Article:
As can be seen from the table and the round-by-round account this was almost entirely a struggle between last year’s winner, Rossolimo, and the Hungarian grandmaster Szabo. Both played fine chess in markedly distinctive styles. Rossolimo’s games were abounding with beautiful little combinations and his style is certainly one of the pleasantest to watch amongst European masters. Szabo’s was true grandmaster chess, stamped with his own originality, positionally correct but combinational when combinations were necessary and above all far-sighted to a really remarkable extent. It was strictly in accordance with the run of the play that these two should tower over the rest of the competitors and that Szabo should be half a point ahead of Rossolimo.

Dr. Euwe’s third prize, two points behind the leaders, was disappointing. But the edge of his play has been blunted of recent years by a number of setbacks that have robbed him of self-confidence. He will have little chance of doing better until this is restored.

The 17-year-old Larry Evans made a good start in his first tournament abroad and played some excellent games. His style is already wonderfully mature and experienced but I doubt whether he is as strong as Fine and Reshevsky were at his age and do not think he will develop into as great a player as either of these two.

So much for the prize winners, now for the non-prize winners who were, alas, almost entirely home-grown. In a picture of some gloom, as far as we are concerned, there is some encouragement (and a lesson) in the circumstance that the two youngest British players did best. Both Fuller and Horne made promising first appearances in the Premier. Fuller is a young player with a fine positional sense who only needs further experience to be really formidable. Horne did well against the foreigners and has a better technique than most British players, these two facts being intimately correlated.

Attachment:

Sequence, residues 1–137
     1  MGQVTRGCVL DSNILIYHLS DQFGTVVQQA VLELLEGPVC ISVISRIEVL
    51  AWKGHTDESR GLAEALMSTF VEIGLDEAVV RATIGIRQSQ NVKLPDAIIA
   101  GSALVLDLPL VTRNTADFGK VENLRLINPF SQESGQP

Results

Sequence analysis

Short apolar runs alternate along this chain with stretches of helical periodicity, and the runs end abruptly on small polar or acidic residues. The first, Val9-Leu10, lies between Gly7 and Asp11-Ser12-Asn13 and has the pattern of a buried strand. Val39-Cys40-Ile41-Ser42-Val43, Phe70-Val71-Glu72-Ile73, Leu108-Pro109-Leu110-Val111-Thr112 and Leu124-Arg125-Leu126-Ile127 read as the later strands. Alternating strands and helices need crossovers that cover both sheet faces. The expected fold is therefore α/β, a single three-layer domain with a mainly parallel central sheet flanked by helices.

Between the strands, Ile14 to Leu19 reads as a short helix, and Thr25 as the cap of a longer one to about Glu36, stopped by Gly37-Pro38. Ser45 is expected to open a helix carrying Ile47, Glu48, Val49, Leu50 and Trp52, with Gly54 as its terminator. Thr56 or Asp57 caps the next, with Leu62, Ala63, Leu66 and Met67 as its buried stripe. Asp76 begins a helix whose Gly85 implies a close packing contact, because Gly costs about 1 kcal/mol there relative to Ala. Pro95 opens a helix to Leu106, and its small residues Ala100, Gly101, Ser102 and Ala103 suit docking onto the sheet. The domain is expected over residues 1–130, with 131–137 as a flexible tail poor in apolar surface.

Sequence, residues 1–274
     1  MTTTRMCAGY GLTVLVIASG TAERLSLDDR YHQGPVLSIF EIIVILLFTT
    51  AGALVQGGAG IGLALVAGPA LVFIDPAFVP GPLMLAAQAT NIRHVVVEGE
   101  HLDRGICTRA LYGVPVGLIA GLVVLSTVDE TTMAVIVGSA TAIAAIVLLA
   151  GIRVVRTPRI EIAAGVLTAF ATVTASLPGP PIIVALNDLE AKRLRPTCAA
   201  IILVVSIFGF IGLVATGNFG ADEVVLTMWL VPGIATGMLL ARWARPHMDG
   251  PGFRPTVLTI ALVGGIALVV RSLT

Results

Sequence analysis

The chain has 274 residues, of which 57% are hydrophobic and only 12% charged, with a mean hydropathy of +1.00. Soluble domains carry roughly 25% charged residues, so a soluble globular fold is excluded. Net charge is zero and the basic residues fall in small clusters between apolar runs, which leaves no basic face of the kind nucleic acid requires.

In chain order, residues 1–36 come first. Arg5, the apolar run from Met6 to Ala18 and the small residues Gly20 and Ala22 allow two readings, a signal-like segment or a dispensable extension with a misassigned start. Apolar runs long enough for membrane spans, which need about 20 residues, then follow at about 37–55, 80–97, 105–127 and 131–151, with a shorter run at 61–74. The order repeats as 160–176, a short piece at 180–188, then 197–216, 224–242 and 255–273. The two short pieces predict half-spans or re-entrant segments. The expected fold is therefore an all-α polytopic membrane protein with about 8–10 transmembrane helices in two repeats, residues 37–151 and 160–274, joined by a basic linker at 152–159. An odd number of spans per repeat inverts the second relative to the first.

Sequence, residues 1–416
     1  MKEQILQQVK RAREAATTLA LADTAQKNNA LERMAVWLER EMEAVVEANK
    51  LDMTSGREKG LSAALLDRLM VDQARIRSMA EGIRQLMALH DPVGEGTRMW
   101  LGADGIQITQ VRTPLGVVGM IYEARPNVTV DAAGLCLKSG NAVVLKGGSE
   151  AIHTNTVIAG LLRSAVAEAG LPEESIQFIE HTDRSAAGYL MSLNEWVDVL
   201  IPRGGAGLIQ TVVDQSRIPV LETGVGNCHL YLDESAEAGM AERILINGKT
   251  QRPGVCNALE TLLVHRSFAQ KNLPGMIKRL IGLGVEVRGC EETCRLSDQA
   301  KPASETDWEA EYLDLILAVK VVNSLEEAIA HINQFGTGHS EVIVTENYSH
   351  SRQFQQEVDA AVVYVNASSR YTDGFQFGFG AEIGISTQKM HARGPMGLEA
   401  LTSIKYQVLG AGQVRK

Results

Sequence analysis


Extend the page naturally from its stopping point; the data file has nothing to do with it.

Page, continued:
Barda, the only player from abroad not to figure in the prize list, was variable. He played some good games but was never particularly impressive and it would have been wiser to have put him in the Major Section of the Premier Reserves so as to give better practice to some of our other players. For, by no stretch of the imagination can he be called a first-class master and only this class should be invited from abroad, for the Premier Section at any rate. Of the many possible, the name of Stahlberg, who as it happens was available, springs most readily to mind. Though this would have made the foreign opposition still more formidable there is no doubt it would have enhanced the attraction of the tournament.